Like the book of Ephesians, the letter to the church at Philippi is a “prison epistle,” written by Paul while he was under house arrest in Rome (Philippians 1:7, 13-14, 16; 4:22).

The theme to the book of Philippians is rejoice. The word “joy” and its derivatives appear in this short book 16 times, including the well known admonition, “Rejoice in the Lord always. Again I will say, rejoice!” (Philippians 4:4).

The church at Philippi was started by Paul while on his second missionary journey. In Acts 16, he received a vision of a man pleading with him to come to Macedonia. Thus, Paul and his companions sailed from Troas to Samothrace, on to Neapolis, and then to Philippi, described in Acts 16:12 as “…the foremost city of that part of Macedonia…” On the Sabbath he went to a riverside meeting where some Jewish women gathered to pray (Acts 16:13). There he met and taught Lydia, who with her household were baptized into Christ (Acts 16:14-15). Afterward, Paul healed a servant-girl who had a spirit of divination, which angered her masters, and so Paul and Silas were arrested and put into prison (Acts 16:16-24). Some wonderful things happened overnight in the prison (Acts 16:25-32), ending with the jailer and his family being baptized into Christ (Acts 16:33-34). Lydia’s family and this jailer’s family were the beginning of the church at Philippi.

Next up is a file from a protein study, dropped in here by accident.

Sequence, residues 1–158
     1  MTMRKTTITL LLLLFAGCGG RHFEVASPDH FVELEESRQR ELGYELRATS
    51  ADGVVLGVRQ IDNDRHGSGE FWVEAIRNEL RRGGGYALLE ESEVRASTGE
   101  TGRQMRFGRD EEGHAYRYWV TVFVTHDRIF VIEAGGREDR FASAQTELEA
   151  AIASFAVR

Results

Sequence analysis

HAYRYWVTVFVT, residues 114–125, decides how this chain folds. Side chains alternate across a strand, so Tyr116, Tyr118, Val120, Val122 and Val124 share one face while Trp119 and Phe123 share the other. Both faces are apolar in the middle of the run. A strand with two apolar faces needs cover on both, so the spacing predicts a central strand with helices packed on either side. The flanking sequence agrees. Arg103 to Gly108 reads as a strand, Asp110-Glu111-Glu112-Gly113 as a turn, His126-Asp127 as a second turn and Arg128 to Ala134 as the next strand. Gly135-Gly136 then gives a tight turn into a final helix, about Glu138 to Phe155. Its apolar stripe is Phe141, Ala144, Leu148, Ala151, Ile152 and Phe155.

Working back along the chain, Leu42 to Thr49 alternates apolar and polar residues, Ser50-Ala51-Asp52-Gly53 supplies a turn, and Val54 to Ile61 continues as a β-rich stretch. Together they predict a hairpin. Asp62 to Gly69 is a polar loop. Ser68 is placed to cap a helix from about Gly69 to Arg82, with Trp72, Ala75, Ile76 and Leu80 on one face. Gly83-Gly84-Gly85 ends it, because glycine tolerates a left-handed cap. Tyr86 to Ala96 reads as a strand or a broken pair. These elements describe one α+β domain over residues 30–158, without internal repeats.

Paul and his companions kept contact with these new brethren at Philippi, In fact, it appears Luke may have stayed in Philippi. He includes himself among those who went to Philippi (note the “we” and “us” of Acts 16:10-17) but he did not include himself among Paul’s companions who departed Philippi (note “they” in Acts 16:40 and following). Paul returned to Philippi on his third missionary journey, and at that time Luke rejoined the apostle and his companions (“we,” Acts 20:6).

The church at Philippi provided support for the apostle Paul. Near the end of his letter to them, we read:

Now you Philippians know also that in the beginning of the gospel, when I departed from Macedonia, no church shared with me concerning giving and receiving but you only. For even in Thessalonica you sent aid once and again for my necessities. (PHILIPPIANS 4:15-16)

Here is a summary of the book of Philippians:

  • The importance of relationships (1:1-11)
  • The cause of Christ, not me (1:12-18)
  • Put Jesus first in everything (1:19-30)
  • Having the attitude of Christ (2:1-11)
  • Work out your own salvation (2:12-30)
  • Forsaking the former man (3:1-11)
  • Pressing on (3:12-31)
  • Pursing unity among the brethren (4:1-9)
  • Contentment and final thoughts (4:10-23)

Next time, we’ll look at Colossians.

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